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Waterford tops national table for divorce applications


Stock photo

Stock photo

Stock photo

Waterford has shot to the top of the table when it comes to divorce applications, according to the latest figures from the Courts Service.

The Déise County has leapfrogged Carlow and Dublin, which make up the rest of the top three based on divorce applications per head of population.

Newly released details of divorce and judicial separation for 2018 show that there were 3,864 applications to the circuit court for divorce that year.

Another 1,238 couples looked for a judicial separation, which can allow husbands or wives to part company in a more straightforward way.

In terms of divorce applications, the rate per 100,000 nationally was just over 81.

Ten counties exceeded that figure with the rate in Waterford highest of all at 102 divorces per 100,000 of population. Second was Carlow (97), followed by Dublin (92). The lowest rate was in Co Cavan where there were 54 divorce applications for every 100,000.

Dublin had by far the highest number of applications for divorce with a total of 1,233 couples looking to split.

Next was Cork, with 463, while Leitrim, the country's least populated county, had just 25. Women were considerably more likely than men to apply for divorce.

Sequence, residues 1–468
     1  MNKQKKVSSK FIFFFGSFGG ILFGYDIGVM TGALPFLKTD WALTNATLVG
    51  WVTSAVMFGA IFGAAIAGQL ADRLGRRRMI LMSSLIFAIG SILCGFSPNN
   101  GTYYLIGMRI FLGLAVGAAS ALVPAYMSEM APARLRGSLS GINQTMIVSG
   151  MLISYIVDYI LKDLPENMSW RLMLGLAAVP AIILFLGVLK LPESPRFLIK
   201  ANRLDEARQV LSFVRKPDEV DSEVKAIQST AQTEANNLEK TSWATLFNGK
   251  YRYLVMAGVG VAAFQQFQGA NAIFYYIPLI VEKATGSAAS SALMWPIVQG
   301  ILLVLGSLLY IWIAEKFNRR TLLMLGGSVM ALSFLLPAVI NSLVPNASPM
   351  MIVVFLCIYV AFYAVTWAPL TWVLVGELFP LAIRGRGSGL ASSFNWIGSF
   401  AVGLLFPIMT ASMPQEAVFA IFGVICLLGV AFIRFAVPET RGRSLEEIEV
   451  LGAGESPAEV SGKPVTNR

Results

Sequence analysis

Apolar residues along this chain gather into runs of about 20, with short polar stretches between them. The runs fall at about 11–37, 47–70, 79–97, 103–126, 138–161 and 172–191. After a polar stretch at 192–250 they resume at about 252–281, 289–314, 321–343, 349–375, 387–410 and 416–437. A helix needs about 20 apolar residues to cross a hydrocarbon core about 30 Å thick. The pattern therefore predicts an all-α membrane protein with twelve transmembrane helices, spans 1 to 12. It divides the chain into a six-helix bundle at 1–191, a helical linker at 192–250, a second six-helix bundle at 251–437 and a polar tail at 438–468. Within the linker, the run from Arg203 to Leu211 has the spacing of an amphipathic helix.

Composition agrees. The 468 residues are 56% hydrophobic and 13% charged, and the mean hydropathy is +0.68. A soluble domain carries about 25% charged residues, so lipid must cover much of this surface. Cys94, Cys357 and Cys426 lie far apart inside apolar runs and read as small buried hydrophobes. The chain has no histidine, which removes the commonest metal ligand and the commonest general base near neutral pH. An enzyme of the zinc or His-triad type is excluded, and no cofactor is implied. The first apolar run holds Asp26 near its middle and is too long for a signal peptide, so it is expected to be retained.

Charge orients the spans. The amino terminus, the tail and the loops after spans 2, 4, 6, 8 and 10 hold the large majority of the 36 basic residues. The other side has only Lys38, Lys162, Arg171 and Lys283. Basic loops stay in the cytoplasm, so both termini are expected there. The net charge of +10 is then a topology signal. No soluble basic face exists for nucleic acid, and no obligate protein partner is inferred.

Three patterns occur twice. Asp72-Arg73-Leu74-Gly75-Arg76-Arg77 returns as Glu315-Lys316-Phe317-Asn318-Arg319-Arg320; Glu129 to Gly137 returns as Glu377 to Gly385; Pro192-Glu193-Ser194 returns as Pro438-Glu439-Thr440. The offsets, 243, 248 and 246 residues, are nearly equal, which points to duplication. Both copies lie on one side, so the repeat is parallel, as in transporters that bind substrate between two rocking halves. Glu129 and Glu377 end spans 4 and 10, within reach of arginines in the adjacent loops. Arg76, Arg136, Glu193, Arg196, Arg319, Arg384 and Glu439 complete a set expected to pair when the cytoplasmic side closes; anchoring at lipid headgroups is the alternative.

Some 55.8pc of applications - or 2,155 in total - came from wives. Judicial separation remained an option for many couples with 861 women and 377 men applying in 2018.

The outcome of divorce settlements were most likely to include "extinguishing succession rights" with that a feature of 3,174 cases decided last year.

The next most likely outcome of a divorce was a pension adjustment order (1,869), custody or access orders (1,365), or a periodic payment to a child (1,208). According to the Courts Service, each divorce settlement can include a multiple of such conditions.

A small number of applications were also made for "nullity" nationwide with 20 such cases recorded.

Among the reasons allowed for a "nullity" declaration are mental incapacity, lack of consent, or that one or other of the couple is "incapable of sexual intercourse".

Irish Independent